1-4 of 4 results  for:

  • Pan-Africanist x
  • Military and Intelligence Operations x
Clear all

Article

John Davidson

James Africanus Horton was a pioneer African nationalist. Largely forgotten for eighty years after his death, interest in him revived during West Africa’s advance to independence. His major works, West African Countries and Peoples (1868) and Letters on the Political Condition of the Gold Coast (1870), were republished in 1969 and 1970, respectively. Horton exemplified the contribution of the Krio elite of Sierra Leone to the development of West Africa in the mid-nineteenth century. He rejected the argument that Africans were inherently biologically inferior. He argued for extended provision of education, for the building of railways, and for economic development generally. He hoped that the British colonies would expand, with a provision for African self-government and a major role for Western-educated Africans.

Horton was born in Gloucester, Sierra Leone, in 1835 His parents were Igbo recaptives from Eastern Nigeria who were rescued from a ...

Article

David Killingray

West African medical doctor, army officer, and political writer born in Freetown, Sierra Leone, the son of a liberated slave. He went to school and studied at Fourah Bay Institute with a view to entering the Christian ministry. However, along with two other men, he was selected in 1853 to study medicine in Britain with a view to returning to West Africa as an army medical officer. Horton studied first at King's College London and graduated from Edinburgh in 1859. He was very conscious that he was an African and adopted the name ‘Africanus’. Commissioned into the Army, he returned to West Africa, where he spent twenty years practising as a military doctor and occasionally serving as an administrator. He retired as a lieutenant‐colonel in 1880 Early in his career many of his white fellow doctors resented his role and they persuaded the War Office not to appoint ...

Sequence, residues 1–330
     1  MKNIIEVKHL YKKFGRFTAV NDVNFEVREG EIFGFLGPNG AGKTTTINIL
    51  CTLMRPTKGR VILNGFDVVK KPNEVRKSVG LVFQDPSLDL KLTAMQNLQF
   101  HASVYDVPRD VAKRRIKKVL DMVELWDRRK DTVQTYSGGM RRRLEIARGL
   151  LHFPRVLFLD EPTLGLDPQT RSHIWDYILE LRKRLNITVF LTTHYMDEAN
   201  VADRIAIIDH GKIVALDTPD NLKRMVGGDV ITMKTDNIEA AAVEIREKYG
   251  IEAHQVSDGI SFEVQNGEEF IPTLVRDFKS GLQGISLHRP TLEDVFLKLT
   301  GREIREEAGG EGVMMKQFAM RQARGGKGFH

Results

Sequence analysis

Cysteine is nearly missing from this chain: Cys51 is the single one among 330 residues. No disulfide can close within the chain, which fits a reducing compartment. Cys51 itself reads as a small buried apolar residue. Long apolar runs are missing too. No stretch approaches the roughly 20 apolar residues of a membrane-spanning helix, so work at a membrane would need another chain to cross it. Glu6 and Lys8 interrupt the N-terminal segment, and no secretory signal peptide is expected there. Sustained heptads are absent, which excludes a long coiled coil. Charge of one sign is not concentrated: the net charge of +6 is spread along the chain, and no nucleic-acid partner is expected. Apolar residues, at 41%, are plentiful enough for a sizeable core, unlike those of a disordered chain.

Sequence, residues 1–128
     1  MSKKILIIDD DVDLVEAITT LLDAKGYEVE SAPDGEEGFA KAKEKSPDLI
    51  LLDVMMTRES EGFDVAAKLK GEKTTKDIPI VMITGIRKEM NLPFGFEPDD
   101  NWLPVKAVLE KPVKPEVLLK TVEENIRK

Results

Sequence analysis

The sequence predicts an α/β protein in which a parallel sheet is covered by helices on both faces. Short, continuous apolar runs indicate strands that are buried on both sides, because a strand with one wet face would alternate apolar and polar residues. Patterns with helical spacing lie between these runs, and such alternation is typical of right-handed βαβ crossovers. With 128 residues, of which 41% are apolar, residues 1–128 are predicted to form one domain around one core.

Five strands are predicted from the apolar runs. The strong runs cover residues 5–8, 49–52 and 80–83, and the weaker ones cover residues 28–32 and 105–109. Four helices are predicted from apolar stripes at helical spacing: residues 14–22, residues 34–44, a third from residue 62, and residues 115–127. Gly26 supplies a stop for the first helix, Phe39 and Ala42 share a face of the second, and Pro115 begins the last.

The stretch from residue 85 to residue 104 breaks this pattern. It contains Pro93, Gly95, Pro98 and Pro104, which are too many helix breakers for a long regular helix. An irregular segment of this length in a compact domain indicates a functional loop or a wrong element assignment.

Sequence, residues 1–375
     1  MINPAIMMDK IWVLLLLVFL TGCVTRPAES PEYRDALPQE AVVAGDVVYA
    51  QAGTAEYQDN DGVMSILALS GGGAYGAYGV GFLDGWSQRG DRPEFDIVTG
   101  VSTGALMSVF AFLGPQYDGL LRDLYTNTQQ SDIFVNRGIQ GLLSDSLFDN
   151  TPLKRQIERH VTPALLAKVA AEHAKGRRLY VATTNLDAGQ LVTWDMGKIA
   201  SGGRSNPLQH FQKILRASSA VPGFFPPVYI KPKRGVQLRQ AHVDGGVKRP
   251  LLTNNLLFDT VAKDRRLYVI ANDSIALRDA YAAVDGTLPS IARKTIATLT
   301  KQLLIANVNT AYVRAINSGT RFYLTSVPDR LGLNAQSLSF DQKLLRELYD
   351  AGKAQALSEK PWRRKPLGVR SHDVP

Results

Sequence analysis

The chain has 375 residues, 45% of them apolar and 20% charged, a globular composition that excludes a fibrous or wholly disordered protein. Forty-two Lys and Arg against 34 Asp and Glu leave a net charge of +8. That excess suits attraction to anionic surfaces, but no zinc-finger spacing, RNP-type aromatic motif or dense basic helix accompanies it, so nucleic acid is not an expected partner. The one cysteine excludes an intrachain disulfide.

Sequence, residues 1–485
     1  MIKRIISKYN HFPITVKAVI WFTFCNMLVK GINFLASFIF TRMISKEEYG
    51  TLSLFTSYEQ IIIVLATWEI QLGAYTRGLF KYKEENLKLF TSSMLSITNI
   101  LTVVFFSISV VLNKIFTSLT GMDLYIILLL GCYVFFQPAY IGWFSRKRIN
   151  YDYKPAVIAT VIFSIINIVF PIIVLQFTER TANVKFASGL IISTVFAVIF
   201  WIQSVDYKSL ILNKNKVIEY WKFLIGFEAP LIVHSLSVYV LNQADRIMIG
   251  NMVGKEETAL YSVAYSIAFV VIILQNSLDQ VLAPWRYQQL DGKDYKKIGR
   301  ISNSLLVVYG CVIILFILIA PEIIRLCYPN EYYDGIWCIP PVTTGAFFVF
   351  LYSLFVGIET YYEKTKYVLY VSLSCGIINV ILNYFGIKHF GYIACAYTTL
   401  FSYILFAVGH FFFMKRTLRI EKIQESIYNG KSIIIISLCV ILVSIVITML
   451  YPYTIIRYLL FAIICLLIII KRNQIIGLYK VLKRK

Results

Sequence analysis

Article

Joseph Goakai

leader of Sierra Leonean rebel group the Revolutionary United Front (RUF), was born Foday Saybana Sankoh in Masumbiri, Kholifa Rowala Chiefdom, Tonkolili District in the northern province of Sierra Leone on 17 October 1937. His father, Morlai Sankoh, was an ethnic Temne from Masang, Tonkolili District, who for a long time moved between farming and dealing in gold. His mother, Mbalu Serry, was also a Temne from Robis, in the Kholifa Rowala Chiefdom, Tonkolili District.

Sankoh descended from a fierce local warrior family on his father s side and a prominent local ruling family on his mother s side His paternal grandfather Pa Fosekie Fosiki Sankoh was a local warrior from a town called Yunkro Yonkro in the Kafu Bollom Chiefdom Port Loko District and was a chartered mercenary in the Temnedom According to the family oral history Pa Fosekie was hired from Yonkro during the tribal wars of ...

Article

George Baca

anthropologist, was born Council Samuel Taylor in Brooklyn, New York, the son of Walter Knight Taylor and Odelle Grace Robinson Taylor. “Count,” as his intimates called him, was dynamic, tall, a stylish dresser, and a great storyteller, using his deep voice for dramatic effect. Colleagues, students, and teachers remembered him adorned with a French beret, ascot, and an ornate walking stick.

Taylor passed as a white man during the 1940s. From 1942 to 1946 he served in the marines—well before President Harry Truman issued Executive Order 9981 to desegregate the U S Armed Forces where he saw combat duty with the Air Delivery Squadron and Aviation Supply during World War II A most striking feature of his biography is that as a gay black man Taylor served as a platoon sergeant in aviation supply in several locations in the South Pacific and near China during the war ...